- “Bring in and significantly invest in professionally trained unarmed civilian protection organizations to assist and offer some buffer for displaced persons and refugees, both for this conflict in collaboration with Iraqi’s and for future conflicts.
- “Call for and uphold an arms embargo on all parties to the conflict. U.S. arms and military assistance to the government forces and ethnic militias in Iraq, in addition to arming Syrian rebel groups, have only fueled the carnage, in part due to weapons intended for one group being taken and used by others. All armed parties have been accused of committing gross violations of human rights. Along with Russia, work with key regional players such as Saudi Arabia, Qatar and Kuwait to take independent initiatives and meaningful steps towards an arms embargo on all parties in the conflict.
- “Support Iraqi civil society efforts to build peace, reconciliation, and accountability at the community level. Deep sectarian and ethnic divisions have long been exacerbated by various factors, including the U.S. military intervention in 2003. Sustainable peace will require peacebuilding and reconciliation efforts from the ground up.”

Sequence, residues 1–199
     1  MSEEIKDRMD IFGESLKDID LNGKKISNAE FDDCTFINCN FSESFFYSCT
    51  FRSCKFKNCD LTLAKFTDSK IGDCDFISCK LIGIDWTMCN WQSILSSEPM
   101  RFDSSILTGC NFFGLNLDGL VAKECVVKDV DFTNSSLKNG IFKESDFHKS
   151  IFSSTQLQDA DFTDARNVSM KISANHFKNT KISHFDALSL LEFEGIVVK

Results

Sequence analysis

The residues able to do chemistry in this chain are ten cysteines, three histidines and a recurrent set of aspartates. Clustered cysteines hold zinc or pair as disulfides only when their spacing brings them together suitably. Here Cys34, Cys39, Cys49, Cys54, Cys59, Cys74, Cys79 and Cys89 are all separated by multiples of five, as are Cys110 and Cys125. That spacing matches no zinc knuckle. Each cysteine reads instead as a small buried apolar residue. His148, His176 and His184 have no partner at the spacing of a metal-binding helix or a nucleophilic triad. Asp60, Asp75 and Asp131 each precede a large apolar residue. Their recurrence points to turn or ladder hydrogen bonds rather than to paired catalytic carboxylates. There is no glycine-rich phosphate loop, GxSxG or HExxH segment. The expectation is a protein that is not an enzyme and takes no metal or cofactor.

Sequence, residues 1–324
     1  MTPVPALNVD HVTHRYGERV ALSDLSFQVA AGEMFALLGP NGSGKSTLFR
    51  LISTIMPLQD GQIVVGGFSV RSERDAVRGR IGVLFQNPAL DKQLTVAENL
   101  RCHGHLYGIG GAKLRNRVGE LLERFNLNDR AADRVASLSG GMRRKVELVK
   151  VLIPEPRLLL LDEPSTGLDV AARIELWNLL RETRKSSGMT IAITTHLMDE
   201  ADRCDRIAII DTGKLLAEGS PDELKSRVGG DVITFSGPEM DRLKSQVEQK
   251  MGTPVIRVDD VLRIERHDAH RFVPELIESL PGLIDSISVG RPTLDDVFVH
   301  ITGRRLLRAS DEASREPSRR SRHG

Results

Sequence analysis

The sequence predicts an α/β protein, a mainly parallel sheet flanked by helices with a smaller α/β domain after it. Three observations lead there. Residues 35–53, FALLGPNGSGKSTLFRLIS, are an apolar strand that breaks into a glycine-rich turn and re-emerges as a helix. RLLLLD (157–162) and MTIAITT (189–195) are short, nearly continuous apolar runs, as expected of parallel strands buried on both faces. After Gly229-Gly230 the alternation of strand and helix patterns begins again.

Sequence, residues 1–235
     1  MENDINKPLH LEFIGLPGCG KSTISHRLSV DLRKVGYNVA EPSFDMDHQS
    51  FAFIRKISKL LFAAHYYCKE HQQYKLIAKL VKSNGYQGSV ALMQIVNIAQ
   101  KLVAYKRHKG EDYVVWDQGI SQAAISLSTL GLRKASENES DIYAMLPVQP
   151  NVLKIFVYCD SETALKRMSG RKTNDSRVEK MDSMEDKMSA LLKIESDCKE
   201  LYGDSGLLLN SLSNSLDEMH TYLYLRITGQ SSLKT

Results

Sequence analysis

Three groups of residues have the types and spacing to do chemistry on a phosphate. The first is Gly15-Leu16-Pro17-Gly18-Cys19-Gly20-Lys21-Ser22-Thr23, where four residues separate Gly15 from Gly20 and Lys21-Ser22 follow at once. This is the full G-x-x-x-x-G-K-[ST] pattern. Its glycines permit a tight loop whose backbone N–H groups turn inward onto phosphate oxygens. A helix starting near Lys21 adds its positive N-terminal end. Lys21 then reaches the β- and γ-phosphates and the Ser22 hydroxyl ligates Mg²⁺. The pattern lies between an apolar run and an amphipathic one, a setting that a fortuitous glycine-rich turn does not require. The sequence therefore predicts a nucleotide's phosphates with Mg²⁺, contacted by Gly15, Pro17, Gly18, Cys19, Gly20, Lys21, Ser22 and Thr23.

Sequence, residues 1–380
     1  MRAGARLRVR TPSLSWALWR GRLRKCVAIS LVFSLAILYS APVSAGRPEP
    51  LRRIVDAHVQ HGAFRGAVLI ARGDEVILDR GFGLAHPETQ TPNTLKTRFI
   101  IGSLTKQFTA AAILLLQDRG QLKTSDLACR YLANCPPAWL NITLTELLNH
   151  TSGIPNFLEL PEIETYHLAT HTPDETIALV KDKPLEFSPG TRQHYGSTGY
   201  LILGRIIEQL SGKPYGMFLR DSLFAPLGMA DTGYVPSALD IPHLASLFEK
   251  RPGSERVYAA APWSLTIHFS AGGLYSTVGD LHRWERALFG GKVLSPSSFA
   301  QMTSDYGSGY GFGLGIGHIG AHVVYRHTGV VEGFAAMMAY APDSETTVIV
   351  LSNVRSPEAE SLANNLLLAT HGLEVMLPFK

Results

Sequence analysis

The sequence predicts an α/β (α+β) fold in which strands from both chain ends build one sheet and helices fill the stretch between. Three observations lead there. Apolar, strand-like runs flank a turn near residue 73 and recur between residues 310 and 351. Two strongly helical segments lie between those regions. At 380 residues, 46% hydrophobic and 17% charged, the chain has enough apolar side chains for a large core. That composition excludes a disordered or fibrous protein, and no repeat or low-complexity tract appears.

They do not spell out “how” a process of peace is to be initiated with unjust aggressors who are slaughtering everyone who disagrees with their particular brand of Islam. They do not spell out “how” humanitarian aid is to be delivered without utilizing airstrikes to clear a path through which the aid can be delivered. They do not spell out “how” reconciliation might happen in the current reality of war.
The Pope has called for prayer and fasting, recognizing that God alone is in a position to redeem the current crisis. These leaders of liberal mainline Protestantism seem to believe that even with no Jesus, people can know peace. They’ve missed the bumper sticker that says otherwise.